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Sovereignty in the Age of Social Media—TikTok At the Intersection of National Security, Democracy, and Free Expression (Part II.)

In the previous segment, we delved into the legislative push to address the security concerns associated with TikTok, spotlighted by the bipartisan support for the “Protecting Americans from Foreign Adversary Controlled Applications Act.” This act aims to restrict TikTok’s U.S. operations due to its Chinese ties, reflecting the tension between national security and free speech. In this part We highlight the complex intersection of national security, free speech, and digital sovereignty, raising questions about democratic values and the open internet ethos amid geopolitical tensions and concerns over foreign influence and espionage, without conclusive evidence of actual threats.

The legislative initiative under discussion represents a strategic endeavor to safeguard the national security interest of the United States from potential threats posed by applications under the control of foreign adversaries, with TikTok being the primary focus of this legislation. The Act meticulously prohibits app stores from distributing TikTok and precludes internet hosting services from facilitating the app’s operations within U.S. jurisdiction. This comprehensive approach introduces a multifaceted layer of complexities and subtleties that merit thorough examination. The overarching objective of the Act is to either compel the divestiture of TikTok to a domestically owned entity or to effectively inhibit its operations in the United States, thereby mitigating the risks associated with foreign adversary ownership—a term that applies to a limited classification of countries as delineated by the legislation.

The proposition to ban TikTok, or any platform, on grounds of national security while overlooking broader issues of platform accountability raises questions about the integrity of democratic values and the principle of free speech. The United States has historically championed these values, criticizing other nations for their censorship practices and restrictions on digital freedom. Adopting a similar stance undermines this position, eroding the United States’ credibility on the global stage and infringing upon the civil liberties of millions of Americans who rely on TikTok for various personal and professional reasons.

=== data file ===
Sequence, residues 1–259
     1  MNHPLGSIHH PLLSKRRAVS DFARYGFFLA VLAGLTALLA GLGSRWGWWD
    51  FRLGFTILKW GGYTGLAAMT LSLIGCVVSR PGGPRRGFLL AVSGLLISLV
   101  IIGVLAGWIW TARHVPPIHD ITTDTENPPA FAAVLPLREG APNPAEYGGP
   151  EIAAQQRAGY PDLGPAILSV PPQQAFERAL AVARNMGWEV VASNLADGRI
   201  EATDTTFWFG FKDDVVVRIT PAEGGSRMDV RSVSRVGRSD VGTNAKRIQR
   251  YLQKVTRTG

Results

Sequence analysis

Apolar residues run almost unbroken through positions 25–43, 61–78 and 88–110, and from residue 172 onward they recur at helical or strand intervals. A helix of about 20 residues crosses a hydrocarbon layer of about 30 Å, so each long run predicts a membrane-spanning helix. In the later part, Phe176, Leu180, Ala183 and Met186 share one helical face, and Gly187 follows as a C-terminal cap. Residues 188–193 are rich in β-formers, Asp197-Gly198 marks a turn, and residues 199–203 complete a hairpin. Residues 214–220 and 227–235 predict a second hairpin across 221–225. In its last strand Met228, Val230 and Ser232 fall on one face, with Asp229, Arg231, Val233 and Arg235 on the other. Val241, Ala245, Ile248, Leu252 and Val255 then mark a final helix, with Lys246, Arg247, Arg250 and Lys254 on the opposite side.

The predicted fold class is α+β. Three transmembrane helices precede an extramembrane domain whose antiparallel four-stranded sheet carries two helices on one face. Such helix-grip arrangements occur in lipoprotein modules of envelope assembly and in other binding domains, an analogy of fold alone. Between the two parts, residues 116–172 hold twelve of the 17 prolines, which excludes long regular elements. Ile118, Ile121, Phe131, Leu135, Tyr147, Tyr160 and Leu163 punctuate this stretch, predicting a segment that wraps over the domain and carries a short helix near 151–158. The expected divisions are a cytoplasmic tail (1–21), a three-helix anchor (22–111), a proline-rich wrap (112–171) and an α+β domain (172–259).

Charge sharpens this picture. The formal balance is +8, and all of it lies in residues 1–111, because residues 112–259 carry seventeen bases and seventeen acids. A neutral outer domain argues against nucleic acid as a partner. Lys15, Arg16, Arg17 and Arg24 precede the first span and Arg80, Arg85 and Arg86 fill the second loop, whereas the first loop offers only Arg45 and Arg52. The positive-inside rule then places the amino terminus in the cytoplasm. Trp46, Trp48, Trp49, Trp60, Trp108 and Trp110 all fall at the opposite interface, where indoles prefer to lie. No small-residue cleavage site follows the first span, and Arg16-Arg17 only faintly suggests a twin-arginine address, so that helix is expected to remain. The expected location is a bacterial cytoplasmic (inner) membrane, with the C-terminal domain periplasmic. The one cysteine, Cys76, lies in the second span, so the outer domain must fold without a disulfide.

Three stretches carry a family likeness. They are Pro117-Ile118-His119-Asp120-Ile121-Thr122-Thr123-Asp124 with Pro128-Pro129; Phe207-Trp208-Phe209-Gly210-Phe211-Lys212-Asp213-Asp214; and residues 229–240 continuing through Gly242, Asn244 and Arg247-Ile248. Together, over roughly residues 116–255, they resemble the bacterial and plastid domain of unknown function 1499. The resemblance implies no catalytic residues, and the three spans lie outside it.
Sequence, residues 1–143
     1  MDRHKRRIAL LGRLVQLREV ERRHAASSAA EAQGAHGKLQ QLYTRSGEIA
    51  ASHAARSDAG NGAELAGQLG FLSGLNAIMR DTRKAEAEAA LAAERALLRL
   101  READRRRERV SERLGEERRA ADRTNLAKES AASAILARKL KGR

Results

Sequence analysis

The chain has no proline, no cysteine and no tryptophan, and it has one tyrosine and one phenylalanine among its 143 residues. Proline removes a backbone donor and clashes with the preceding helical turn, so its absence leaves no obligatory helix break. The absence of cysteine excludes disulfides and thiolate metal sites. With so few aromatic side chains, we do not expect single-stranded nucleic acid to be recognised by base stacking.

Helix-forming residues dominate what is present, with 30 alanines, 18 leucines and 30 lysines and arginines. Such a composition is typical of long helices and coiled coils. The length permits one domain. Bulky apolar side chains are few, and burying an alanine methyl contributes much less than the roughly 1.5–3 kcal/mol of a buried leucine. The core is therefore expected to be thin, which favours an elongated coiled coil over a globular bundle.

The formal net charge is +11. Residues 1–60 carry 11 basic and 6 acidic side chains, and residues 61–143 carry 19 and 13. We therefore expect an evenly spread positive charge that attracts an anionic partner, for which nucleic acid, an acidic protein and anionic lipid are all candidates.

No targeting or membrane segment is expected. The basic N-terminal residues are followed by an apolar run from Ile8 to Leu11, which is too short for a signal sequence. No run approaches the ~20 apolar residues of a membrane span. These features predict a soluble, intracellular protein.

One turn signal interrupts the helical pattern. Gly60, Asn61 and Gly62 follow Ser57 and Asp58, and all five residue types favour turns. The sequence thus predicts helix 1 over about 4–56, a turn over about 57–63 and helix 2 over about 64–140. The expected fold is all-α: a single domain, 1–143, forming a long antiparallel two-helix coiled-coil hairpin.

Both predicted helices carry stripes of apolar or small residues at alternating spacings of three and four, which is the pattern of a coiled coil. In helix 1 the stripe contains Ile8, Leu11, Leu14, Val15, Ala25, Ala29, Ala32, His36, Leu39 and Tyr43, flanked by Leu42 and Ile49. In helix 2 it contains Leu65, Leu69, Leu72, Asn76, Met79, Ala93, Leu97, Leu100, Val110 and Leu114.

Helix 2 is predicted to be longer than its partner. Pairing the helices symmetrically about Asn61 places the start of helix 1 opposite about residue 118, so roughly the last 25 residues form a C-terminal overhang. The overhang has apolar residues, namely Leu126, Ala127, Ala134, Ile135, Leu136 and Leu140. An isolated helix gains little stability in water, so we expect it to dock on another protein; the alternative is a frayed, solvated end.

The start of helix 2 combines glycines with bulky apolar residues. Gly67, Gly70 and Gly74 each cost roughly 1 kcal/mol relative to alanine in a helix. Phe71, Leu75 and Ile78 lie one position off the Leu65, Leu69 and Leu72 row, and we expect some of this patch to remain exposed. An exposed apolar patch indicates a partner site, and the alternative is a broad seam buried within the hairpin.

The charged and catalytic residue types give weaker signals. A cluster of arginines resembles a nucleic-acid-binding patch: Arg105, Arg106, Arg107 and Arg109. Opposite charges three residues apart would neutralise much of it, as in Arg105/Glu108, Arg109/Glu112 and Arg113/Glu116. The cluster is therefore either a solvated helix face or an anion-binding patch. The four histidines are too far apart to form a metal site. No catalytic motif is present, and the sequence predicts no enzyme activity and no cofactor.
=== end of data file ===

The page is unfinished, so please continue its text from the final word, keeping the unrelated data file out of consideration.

While the imperative to defend national sovereignty, especially in the realm of cybersecurity and protection against foreign espionage, is undeniably critical, the approach of restricting or banning foreign-owned social media platforms evokes comparisons with the digital governance models of countries like China and Russia. These nations are known for their stringent control over the internet and social media, often justifying such measures on grounds of national security, but also significantly limiting free speech and international exchange.

This strategy of endorsing only nationally owned social media platforms within one’s borders suggests a departure from the open internet ethos that has characterized much of the digital age, particularly in Western democracies. It poses a nuanced dilemma: on one hand, safeguarding the digital space from potential foreign threats is a legitimate concern of national security; on the other hand, mirroring the restrictive practices of authoritarian regimes risks undermining the values of freedom, openness, and global connectivity.

Furthermore, this stance reveals a conspicuous tension in the international stance of U.S. policymakers. The same legislators who advocate for stringent measures against foreign apps like TikTok on the basis of national security exhibit skepticism and criticism towards the European Union’s efforts to regulate American tech companies operating within its jurisdiction. The EU’s regulatory initiatives, aimed at protecting privacy, data sovereignty, and competition, often face opposition from U.S. stakeholders who argue that such measures unfairly target American companies and stifle innovation.